Texas Presbyterian Foundation
Back

Endowments: Is it Possible to Have Too Much of a Good Thing?

By Rev. Rick Young, TPF’s President & CEO

A paradox for sure, yet it is a question I am often asked to address by both congregations and non-profit organizations. Should you establish an Endowment Fund or Reserve Fund? The answer is yes…and no. Phrases like “the Lord will provide” and “people don’t give to have their money put in a bank” mix with “we want our mission to flourish” and “you need to save for a rainy day” to drive this healthy and important debate. Unfortunately, there is not one easy answer to this complicated question.

In our world, it’s no secret that horror stories of endowments being harmful to an organization or congregation circulate regularly. I frequently see a few key fears as I work to support TPF partners. First, nobody wants to encourage a decrease in individual giving due to donor or congregation perception that the need has diminished. Additionally, I know donors often fear the endowment they support will outlive the life of the church or organization.

Let’s not forget, there is a marked upside to having an endowment. Yes, I’m referring to security, freedom, and growth. For example, I know a church whose endowment allowed the congregation to complete a mandated city code change without having to take out a loan to provide for the replacement of an HVAC system that otherwise would have required a capital campaign.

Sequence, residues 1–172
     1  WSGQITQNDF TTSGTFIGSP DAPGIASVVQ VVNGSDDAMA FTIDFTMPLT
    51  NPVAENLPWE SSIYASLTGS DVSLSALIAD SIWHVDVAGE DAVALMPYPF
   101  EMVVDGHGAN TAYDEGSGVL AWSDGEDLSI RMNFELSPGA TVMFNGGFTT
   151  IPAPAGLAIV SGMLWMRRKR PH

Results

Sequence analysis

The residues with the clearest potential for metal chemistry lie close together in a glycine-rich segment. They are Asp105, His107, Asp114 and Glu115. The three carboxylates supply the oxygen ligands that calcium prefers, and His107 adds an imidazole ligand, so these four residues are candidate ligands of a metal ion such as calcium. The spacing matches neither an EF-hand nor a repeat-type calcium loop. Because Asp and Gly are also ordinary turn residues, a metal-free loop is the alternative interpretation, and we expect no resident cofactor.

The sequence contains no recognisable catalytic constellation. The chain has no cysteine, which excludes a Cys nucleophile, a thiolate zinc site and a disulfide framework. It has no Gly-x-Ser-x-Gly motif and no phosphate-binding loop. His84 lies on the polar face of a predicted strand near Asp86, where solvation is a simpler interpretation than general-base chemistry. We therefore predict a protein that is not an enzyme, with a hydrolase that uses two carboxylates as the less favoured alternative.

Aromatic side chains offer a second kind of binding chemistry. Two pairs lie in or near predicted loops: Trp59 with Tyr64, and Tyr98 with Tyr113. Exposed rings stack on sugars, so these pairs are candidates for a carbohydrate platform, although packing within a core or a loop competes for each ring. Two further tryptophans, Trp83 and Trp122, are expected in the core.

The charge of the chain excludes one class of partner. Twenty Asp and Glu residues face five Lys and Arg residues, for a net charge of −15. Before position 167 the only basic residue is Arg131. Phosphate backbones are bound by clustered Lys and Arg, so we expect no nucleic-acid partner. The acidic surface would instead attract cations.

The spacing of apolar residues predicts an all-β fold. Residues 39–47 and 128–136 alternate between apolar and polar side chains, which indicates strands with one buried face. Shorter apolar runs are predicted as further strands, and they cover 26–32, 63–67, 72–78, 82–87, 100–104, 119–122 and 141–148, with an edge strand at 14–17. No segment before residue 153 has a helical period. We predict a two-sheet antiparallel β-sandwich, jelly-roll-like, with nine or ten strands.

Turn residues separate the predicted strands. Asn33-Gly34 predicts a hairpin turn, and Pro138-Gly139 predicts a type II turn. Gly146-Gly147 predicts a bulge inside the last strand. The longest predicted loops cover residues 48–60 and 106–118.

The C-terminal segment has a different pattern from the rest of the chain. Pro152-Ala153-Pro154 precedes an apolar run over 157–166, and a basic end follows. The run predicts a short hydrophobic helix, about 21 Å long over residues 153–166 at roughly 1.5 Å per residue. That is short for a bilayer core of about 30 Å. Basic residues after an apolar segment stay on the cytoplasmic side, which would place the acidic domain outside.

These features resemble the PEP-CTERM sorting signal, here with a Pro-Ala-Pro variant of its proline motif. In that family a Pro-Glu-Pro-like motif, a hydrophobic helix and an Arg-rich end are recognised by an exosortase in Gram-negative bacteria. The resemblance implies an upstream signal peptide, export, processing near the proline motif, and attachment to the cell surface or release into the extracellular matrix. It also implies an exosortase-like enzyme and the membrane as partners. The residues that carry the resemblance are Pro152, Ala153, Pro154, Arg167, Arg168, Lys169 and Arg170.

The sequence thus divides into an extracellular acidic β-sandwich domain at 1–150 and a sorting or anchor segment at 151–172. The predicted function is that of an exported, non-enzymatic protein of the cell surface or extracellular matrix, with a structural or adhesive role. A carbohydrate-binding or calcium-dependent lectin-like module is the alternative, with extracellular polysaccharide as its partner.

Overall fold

So, should your church or non-profit organization have an endowment? And if so, what size or scope should that be?  The answers to these questions are varied and change depending on each individual need. Below are three key questions to consider:

  1. Have you planned for a large gift? I have watched churches struggle when someone leaves a gift because they have never had the discussion. A gift arrives unexpectedly, and the debate begins. Everyone will have an opinion on the best way to spend the gift. But are you prepared to make the wisest decision?
  2. Do you have gift acceptance policies and procedures? Unexpected gifts can, and do, cause splits in your church or organization. Policies and procedures prevent this, as well as inspire confidence in potential donors. I have seen many gifts given because a church had strong policies and procedures in place. People want to trust you, and they want to know how their gift will be used. Establishing and managing an endowment will be difficult without this structure to support it.
  3. How much do you have now? Is it enough to only cover operating expenses? Are there programs or ministries that you would like to support and grow? An endowment can provide a solid financial structure for your future ministry.

I know these are all complicated questions, but they are important for all of us to explore. To help you with this, TPF and our Relationship Managers have tools and recommendations that can help you begin and refine the discussion. We look forward to talking with you soon!